In fact our arrival caused general dismay
Joe:
Remember that time at St Nicholas Court?
We enjoyed ourselves more than you'd ever have thought
Each man went and grabbed any wench he could find
He kissed and squeezed her, and pinched her behind
(Demonstrates with a female member of the audience)
Joe:
So Dobbin proceeded to make a great muddle
While we were just having a nice little cuddle
Boy:
I'm a darn sight too young to remember those days
But I bet it was fun, just like old Joe says
(whispers)
Why don't we attempt to repeat it tonight?
I wouldn't mind giving these people a fright
Joe:
All right then; you go and give Dobbin a prod
(Dobbin looks behind, anxiously)
In his leg or his arse; then the silly old sod
Will kick up a fuss and distract their attention
While we get to grips with those wenches I mention
Boy:
This hot BRANDing iron ought to do just the trick
If not, I'll just have to give Dobbin a kick
(He brands Dobbin. Dobbin reacts violently and gallops round the room)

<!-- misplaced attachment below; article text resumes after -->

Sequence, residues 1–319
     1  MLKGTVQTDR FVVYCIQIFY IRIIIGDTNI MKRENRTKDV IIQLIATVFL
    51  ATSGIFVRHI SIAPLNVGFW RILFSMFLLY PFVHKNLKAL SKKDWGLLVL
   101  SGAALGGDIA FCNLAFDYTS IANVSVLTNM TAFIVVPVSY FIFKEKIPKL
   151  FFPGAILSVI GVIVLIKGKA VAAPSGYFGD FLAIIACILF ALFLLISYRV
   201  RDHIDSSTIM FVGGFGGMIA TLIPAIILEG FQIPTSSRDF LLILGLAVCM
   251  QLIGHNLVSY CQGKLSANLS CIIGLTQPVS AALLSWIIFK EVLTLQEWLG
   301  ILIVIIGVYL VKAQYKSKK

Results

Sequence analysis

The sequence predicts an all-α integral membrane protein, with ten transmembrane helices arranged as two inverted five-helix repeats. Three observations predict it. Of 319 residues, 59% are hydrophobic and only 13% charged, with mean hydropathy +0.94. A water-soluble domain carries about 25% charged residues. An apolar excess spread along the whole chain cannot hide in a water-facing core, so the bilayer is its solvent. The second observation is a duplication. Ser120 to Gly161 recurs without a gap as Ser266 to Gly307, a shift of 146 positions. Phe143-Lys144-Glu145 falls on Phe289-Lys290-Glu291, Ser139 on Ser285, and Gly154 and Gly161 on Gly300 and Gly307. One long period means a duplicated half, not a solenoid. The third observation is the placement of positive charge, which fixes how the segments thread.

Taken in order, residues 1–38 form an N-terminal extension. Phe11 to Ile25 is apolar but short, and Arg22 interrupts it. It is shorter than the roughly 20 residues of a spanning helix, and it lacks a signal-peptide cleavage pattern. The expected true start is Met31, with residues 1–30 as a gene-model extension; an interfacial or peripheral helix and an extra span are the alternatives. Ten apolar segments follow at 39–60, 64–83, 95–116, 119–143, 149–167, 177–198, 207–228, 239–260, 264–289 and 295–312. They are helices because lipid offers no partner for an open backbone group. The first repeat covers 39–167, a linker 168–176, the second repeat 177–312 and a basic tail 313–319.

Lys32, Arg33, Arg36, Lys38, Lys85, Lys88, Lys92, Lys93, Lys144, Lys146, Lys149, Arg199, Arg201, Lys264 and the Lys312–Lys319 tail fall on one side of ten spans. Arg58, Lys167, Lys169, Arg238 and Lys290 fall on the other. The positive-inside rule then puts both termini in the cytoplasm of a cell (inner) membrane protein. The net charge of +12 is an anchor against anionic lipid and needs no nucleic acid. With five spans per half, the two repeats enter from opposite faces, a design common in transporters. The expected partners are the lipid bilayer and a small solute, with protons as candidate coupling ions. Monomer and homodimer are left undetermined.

Clive:
(taking hold of a lady in the audience)
I've found one I fancy. Here, let's sneak away
Let Dobbin cause chaos, and we'll go and play
(Leads her out)
Adam:
(pointing to the supply of alcohol)
Take a bottle or two to pour down their throats
You NEED lubrication when sowing wild oats
(Follows Clive)
Joe:
Leave Molly to cope with the horse if he's rough
She's too old a woman for this sort of stuff
(Joe and Boy take another woman from the audience. Dobbin follows the Boy. While they are out, they put black smudges on the girls' cheeks, with burnt cork)
Boy:
He's following me! Come and get hold of him, Moll
Moll:
(struggling with Dobbin)
I can't! He's completely beyond my control
(Dobbin charges out)
They're gone, and good riddance; they've done enough harm
Unless I'd let go I'd have broken my arm
(rubs her arm)
They think I'm too old; well I know I'm no belle
(examines herself)
But if that's how they feel, they can all rot in hell
They think I'll hold Dobbin, but they're out of luck
I'm old, so forget it; let them go and…
(raises two fingers)